Proof: Suppose otherwise, i.e. suppose that U,V is a separation of \Delta, so that U,V are both open, non-empty, U\cap V=\varnothing, and U\cup V=\Delta. Now as U\cup V=\Delta and (0,0)\in\Delta we must have that (0,0) is in either U or V; without loss of generality, assume that (0,0)\in U. As we know that (0,0)\in B and (0,0)\in U, this implies that B\cap U\ne\varnothing. Now, however, we have two cases to consider.

Case 1: B\not\subseteq U. This implies that there is some x\in B such that x\notin U. But since B\subseteq \Delta and \Delta=U\cup V, this implies that x\in V, so that B\cap V\ne\varnothing. Now let C=B\cap U and D=B\cap V. Then we know that C,D are open, non-empty subspaces of D (open as U,V are open in \Delta, and non-empty as we just showed (0,0)\in B\cap U and x\in B\cap V). The claim is that C,D then form a separation of B. Note that C\cap D=\varnothing, for if C\cap D\ne\varnothing, this implies that there is some y\in C\cap D=\big(B\cap U\big)\cap\big(B\cap V\big)=B\cap\big(U\cap V\big), which implies that y\in U\cap V, contradicting the fact that U\cap V=\varnothing. However, we also must have that C\cup D=B. This follows, for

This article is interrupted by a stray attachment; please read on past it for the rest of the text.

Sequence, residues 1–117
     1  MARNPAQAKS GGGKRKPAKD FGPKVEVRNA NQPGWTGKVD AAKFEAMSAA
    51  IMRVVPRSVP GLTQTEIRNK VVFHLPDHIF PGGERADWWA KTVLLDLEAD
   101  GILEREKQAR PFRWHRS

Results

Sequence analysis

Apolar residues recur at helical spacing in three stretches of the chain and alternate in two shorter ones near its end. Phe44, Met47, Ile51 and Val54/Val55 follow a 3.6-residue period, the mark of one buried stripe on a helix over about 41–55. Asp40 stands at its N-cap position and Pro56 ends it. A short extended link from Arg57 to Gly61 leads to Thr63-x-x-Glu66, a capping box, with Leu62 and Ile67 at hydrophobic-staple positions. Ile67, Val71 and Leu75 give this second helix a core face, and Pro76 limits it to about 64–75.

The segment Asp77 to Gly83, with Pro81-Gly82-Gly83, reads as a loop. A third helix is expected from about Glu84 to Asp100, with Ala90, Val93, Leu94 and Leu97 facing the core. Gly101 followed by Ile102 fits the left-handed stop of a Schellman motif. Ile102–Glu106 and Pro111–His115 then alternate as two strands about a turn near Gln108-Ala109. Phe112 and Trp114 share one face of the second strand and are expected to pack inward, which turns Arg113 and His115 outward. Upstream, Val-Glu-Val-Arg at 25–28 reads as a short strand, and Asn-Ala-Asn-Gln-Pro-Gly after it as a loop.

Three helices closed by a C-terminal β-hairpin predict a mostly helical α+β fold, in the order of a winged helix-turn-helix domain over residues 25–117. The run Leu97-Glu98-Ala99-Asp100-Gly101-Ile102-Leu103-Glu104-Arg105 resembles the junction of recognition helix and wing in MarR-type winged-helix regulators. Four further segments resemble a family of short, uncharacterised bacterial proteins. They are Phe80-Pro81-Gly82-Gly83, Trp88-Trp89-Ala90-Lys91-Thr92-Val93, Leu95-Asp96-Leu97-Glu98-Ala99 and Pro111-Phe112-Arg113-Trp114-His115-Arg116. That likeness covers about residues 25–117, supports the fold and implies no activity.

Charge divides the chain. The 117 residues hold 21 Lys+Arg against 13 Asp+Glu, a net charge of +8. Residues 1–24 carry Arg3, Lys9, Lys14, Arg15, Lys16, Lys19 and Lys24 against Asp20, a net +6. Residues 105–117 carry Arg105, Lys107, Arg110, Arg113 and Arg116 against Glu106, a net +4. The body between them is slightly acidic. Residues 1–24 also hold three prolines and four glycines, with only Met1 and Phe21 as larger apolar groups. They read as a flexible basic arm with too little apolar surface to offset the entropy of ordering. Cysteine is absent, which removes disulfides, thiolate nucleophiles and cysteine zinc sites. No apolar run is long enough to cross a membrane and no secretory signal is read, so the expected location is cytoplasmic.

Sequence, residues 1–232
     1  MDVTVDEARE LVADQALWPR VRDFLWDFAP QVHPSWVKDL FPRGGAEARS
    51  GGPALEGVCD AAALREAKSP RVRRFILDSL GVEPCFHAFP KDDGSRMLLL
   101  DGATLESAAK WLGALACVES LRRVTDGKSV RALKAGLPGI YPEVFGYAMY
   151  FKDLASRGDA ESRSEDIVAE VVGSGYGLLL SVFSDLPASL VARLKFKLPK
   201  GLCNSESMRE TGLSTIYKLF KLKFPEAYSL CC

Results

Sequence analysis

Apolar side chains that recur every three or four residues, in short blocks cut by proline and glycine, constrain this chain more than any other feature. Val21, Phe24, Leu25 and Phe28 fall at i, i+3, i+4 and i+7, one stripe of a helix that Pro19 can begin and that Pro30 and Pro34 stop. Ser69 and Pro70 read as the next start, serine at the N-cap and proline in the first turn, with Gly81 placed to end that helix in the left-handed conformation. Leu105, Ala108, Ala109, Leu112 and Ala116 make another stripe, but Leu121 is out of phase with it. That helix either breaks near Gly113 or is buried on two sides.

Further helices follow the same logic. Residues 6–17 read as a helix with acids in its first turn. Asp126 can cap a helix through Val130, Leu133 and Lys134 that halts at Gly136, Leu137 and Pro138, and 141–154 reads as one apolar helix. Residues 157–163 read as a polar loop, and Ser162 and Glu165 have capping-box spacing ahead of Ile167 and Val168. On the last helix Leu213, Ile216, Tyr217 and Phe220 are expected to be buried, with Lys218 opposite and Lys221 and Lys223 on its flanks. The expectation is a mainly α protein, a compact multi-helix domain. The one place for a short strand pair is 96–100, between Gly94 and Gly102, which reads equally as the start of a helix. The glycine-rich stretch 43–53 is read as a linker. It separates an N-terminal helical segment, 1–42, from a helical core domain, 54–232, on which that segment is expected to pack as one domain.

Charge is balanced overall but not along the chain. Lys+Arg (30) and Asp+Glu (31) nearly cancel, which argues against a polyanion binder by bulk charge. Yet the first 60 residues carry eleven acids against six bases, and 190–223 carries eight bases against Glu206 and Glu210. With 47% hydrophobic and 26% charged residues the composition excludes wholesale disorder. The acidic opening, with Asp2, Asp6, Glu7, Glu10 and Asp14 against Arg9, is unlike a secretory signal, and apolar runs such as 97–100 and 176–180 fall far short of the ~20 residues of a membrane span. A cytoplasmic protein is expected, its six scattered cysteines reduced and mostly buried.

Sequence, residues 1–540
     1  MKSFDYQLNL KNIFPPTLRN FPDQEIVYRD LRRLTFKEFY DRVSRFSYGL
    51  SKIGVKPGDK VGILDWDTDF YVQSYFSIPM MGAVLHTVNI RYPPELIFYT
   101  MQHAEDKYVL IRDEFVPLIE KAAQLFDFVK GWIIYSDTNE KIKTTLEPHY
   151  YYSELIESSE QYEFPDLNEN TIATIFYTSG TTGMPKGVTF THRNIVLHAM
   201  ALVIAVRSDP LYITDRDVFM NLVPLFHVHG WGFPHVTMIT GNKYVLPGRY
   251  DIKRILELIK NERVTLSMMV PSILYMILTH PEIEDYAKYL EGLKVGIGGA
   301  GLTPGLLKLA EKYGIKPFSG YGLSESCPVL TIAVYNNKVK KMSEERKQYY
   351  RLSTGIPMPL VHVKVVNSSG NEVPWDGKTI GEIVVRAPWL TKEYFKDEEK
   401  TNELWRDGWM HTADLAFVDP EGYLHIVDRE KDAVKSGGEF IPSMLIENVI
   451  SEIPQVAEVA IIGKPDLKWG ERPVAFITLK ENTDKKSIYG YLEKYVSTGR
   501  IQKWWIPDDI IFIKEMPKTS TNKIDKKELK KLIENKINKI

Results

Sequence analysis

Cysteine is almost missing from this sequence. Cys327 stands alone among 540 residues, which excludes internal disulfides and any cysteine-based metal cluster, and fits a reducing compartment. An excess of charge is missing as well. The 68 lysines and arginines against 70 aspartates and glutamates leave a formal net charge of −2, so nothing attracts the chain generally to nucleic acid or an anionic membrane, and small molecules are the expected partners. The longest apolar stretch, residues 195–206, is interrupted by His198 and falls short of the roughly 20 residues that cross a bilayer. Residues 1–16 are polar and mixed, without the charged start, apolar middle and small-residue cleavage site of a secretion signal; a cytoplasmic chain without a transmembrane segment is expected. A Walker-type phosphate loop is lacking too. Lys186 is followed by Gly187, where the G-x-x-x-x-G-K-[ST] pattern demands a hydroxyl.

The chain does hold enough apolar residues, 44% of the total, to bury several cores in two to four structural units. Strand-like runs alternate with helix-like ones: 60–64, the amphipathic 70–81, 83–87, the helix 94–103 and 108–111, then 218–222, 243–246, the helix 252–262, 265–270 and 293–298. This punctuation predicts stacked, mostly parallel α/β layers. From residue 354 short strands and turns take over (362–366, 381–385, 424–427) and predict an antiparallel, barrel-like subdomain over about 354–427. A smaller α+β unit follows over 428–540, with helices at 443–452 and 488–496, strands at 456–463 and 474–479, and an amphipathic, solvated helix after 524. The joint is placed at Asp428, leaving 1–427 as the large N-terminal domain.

\[C\cup D=\big(B\cap U\big)\cup\big(B\cap V\big)=(U\cup V)\cap B=\Delta\cap B=B\]

Thus, as claimed, C,D form a separation of B. This, however, is a contradiction as we proved in the preceding lemma that B is connected.